Marcus Samuelsson wins Top Chef Masters

Marcus Samuelsson won Top Chef Masters 2 and $100,000 for his charity, the UNICEF Tap Project, which raises money to “to bring clean and accessible water to millions of children around the world,” according to its web site. He beat the other two finalists, Rick Moonen and Susur Lee, by half a star, as they tied with 17 stars each for the final, three-course, autobiographical meal.

Guest judge Tom Colicchio called Marcus’ second course “brilliant” and “genius,” while Gail Simmons praised “[his] gifted hand as a chef and [his] truly global vision.”
But the biggest praise of the evening was saved for Rick Moonen; James Oseland told Rick he “raised the bar on culinary mastery” and then asked “can I marry you?” He didn’t get an answer.

The finale spent a lot of time on the chefs and their stories, although it seemed especially intent on humanizing Susur Lee, who had come off pretty abrasive and cocky in previous episodes. We learned, for example, that his first wife was killed when her plane was shot down over Russia. Oddest of all was that Bravo fake-out between commercial segment, during which Rick said Susur was a “gentleman with a great exuberance” and said it was a “privilege” to cook alongside him, even though the editors got a lot of mileage about Rick bitching about Susur’s presence in the kitchen during most episodes, including this one.

While I loved the first season of Top Chef Masters, this one was strong but didn’t quite have the same draw for me. I think they changed all the wrong things, rarely bringing back quickfire challenges from previous seasons and instead throwing in twists that weren’t necessary. Meanwhile, the judges didn’t really improve, although Gail’s presence was always welcome, and the scoring system is still better than the regular show’s non-existent one. My favorite two finalists, Jonathan Waxman and Susan Feniger, were eliminated during the last two episodes because the judges got all snobby and declared that their food, while apparently technically fine, was not worthy of a “master.” Eh.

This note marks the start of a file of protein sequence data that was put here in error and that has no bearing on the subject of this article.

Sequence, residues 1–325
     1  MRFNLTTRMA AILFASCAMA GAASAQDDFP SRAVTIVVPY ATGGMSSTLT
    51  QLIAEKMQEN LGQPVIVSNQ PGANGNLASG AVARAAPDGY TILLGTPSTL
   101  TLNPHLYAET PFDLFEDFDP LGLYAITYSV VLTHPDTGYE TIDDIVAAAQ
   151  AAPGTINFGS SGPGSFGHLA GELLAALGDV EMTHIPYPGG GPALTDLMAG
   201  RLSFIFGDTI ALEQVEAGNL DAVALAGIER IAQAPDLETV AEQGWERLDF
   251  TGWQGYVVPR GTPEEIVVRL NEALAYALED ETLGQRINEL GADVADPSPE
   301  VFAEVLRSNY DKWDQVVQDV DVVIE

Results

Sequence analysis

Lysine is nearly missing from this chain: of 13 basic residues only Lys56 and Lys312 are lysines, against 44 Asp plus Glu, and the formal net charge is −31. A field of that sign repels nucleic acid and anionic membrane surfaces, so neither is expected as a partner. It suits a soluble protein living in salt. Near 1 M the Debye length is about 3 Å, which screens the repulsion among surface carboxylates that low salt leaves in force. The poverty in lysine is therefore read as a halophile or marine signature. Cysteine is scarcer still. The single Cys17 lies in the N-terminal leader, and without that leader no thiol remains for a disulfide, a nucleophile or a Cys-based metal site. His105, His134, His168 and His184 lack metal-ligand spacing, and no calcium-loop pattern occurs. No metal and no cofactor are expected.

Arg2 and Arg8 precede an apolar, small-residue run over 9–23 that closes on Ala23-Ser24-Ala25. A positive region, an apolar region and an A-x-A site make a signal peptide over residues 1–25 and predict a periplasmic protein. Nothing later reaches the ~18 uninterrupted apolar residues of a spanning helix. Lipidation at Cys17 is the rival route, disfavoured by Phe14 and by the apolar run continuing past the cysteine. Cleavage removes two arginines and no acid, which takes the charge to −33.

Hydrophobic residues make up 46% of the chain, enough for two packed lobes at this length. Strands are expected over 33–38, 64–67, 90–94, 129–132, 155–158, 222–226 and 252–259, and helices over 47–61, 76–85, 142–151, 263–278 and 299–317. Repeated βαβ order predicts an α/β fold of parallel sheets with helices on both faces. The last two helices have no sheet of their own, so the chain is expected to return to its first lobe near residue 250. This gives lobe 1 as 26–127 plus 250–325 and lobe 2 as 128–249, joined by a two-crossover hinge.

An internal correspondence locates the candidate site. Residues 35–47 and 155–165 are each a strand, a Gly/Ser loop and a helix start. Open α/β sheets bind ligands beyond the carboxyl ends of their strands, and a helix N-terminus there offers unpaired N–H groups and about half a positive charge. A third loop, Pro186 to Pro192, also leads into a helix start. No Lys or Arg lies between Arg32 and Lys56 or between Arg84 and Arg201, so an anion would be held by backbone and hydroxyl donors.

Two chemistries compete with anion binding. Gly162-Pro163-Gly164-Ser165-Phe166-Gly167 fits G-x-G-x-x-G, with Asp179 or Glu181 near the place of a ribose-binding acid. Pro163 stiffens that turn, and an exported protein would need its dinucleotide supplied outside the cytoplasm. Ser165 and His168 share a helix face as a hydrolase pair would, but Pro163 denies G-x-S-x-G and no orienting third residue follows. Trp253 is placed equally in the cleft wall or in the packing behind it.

And the season ended just as Kelly Choi’s awkward smile was making me desperate for the return of Padma Lakshmi’s stone face (get it?). Top Chef DC debuts next week.

Review: Married at First Sight

Marriage At First Sight

In an era of Tinder and Grindr, instant acceptance or dismissal of a potential partner, or instant sex with another body, Married at First Sight offers the thrill of watching strangers deal with the very basics of relationships.

Beyond the headline-grabbing premise, the series has turned out to be a stripped-down, authentic exploration of something very interesting. Read the full review.

about the writer

Andy Dehnart is a journalist who has covered reality television for more than 15 years and created reality blurred in 2000. A member of the Television Critics Association, his writing and criticism about television, culture, and media has appeared on NPR and in Playboy, Buzzfeed, and many other publications. Andy, 36, also directs the journalism program at Stetson University in Florida, where he teaches creative nonfiction and journalism. He has an M.F.A. in nonfiction writing and literature from Bennington College. More about reality blurred and Andy.